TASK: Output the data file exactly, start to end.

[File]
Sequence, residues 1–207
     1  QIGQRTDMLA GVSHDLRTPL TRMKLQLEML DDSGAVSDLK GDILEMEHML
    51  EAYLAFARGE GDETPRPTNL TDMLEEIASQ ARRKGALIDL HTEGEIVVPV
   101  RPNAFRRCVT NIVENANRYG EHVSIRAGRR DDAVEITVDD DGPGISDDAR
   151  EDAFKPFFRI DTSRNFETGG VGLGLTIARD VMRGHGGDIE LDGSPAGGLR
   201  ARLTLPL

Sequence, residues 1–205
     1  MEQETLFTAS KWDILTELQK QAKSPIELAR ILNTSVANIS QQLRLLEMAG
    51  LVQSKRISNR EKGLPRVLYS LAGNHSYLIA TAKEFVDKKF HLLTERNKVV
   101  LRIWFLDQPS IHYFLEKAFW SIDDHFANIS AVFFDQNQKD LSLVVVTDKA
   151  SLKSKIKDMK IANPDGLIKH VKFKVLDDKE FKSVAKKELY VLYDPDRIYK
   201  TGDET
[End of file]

Sequence, residues 1–207
     1  QIGQRTDMLA GVSHDLRTPL TRMKLQLEML DDSGAVSDLK GDILEMEHML
    51  EAYLAFARGE GDETPRPTNL TDMLEEIASQ ARRKGALIDL HTEGEIVVPV
   101  RPNAFRRCVT NIVENANRYG EHVSIRAGRR DDAVEITVDD DGPGISDDAR
   151  EDAFKPFFRI DTSRNFETGG VGLGLTIARD VMRGHGGDIE LDGSPAGGLR
   201  ARLTLPL

Sequence, residues 1–205
     1  MEQETLFTAS KWDILTELQK QAKSPIELAR ILNTSVANIS QQLRLLEMAG
    51  LVQSKRISNR EKGLPRVLYS LAGNHSYLIA TAKEFVDKKF HLLTERNKVV
   101  LRIWFLDQPS IHYFLEKAFW SIDDHFANIS AVFFDQNQKD LSLVVVTDKA
   151  SLKSKIKDMK IANPDGLIKH VKFKVLDDKE FKSVAKKELY VLYDPDRIYK
   201  TGDET